First, Kill the Moon. No, wait, first, what do I mean by “genre competition” and why in the world would anything like that matter? So let’s go back and review what’s already been established via TARDIS Eruditorum. Most readers here should be familiar with the term “narrative substitution,” which is what happens when we’re toodling along, all genre-savvy and boned up on TV Tropes, and suddenly the rug is pulled out from under us and the story we think we’re watching turns into something else.
Phil coined the phrase in his review of A Good Man Goes to War, where the “male revenge for his hurt woman” story trope is rejected for something quite different – instead, it turns into a story of Grace, which is delivered not by the Doctor, but by River Song. Or we might look at the “epic season finale” of The Pandorica Opens and how the fulfilled narrative collapse is supplanted by a small, intimate story of one family.
What we get in Kill the Moon is something similar, but it is structurally different, not to mention ramped up to 11. Rather than giving us one story, and then substituting it with something else, Kill the Moon cycles through a variety of genre tropes – especially genre tropes familiar to Doctor Who – and then puts them in competition against each other to see which will prevail. Which ultimately ends up being a statement of values, or perhaps a hierarchy of values, for the genres themselves have certain values implicitly coded into them from the beginning. To top it all off, the story then comments on this.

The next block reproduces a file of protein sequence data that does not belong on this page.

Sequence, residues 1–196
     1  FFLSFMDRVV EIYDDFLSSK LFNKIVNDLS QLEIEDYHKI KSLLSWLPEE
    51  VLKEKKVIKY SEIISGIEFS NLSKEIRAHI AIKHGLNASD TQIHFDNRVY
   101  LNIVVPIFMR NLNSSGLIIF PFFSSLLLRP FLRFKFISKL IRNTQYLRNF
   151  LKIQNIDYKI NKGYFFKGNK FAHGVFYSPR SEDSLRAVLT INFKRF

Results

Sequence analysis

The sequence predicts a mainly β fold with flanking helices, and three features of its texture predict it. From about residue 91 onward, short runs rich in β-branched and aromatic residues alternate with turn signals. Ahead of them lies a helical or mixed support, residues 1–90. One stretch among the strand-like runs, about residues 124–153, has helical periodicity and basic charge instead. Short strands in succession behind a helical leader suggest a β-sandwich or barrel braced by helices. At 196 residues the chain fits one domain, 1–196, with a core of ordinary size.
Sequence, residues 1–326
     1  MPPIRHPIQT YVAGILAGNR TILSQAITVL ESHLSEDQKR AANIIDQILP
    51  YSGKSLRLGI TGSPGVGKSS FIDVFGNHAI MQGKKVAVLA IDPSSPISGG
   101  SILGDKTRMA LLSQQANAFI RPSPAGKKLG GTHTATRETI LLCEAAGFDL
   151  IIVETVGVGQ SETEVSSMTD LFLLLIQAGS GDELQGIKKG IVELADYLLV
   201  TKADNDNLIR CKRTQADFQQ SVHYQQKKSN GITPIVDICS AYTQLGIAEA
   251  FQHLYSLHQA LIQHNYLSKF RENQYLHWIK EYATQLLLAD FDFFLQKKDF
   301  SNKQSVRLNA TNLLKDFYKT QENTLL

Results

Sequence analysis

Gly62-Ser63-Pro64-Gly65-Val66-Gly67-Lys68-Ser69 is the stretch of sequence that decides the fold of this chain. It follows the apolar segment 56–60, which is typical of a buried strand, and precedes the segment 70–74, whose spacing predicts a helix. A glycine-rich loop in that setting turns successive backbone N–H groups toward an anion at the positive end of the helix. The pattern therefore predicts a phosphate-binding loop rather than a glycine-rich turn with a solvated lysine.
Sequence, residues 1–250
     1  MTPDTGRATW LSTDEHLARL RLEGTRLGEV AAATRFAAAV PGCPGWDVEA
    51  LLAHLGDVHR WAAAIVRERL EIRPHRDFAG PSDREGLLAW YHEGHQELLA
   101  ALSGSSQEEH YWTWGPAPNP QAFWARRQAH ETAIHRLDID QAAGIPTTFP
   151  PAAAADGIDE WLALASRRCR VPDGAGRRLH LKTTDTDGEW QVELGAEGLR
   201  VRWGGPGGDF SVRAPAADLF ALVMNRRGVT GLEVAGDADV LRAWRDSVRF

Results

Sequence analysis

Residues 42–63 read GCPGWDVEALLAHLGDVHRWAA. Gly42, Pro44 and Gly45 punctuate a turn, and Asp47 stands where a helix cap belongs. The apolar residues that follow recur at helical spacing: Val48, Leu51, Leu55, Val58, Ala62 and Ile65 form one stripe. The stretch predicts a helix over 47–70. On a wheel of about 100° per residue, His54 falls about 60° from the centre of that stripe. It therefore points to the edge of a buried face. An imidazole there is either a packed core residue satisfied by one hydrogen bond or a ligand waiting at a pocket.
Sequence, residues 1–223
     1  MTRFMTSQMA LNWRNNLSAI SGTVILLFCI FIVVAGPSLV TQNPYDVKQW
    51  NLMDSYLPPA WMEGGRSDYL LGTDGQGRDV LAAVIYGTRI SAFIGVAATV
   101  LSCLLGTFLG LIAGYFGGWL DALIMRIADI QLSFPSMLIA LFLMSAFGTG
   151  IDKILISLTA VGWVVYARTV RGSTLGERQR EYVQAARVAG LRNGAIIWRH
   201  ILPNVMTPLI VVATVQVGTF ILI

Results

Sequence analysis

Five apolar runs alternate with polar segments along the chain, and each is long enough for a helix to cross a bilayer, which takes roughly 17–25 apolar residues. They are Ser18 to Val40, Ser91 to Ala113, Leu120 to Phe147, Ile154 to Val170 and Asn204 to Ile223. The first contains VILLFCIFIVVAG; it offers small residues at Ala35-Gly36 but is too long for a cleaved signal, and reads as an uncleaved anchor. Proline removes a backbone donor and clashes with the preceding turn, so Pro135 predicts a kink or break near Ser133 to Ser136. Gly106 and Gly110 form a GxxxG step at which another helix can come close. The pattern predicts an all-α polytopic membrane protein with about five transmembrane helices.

We should have seen coming from the cold open, which features Clara talking to us through our TV monitors. Of course within the story itself she’s talking to our fictional counterparts on Earth, but for our purposes that doesn’t matter – simply addressing the camera directly suffices in this day and age to imply a metafictional component. And metafiction, we should point out, as is the case with every kind of genre, carries with it certain assumptions and values. Which we’ll get to later. I would like to point out, though, that there’s another layer to this convention within Doctor Who itself, namely that it’s an invocation of the Second Doctor, who was often peering out of television monitors, always on the verge of breaching the veil between fiction and reality.
So let’s go through Kill the Moon’s various genre invocations, and what those imply both in terms of themselves and within Doctor Who.
After the credits we begin at Coal Hill (love the alchemical implication of the nigredo stage of the Great Work in the name of that school) where Clara talks to the Doctor about Courtney. Courtney, who’s already in the TARDIS, ready to go on an adventure, armed with motion-sickness wristbands and a bottle of disinfectant in case she still gets sick. In these opening moments, then, we have an invocation of Children’s Television.…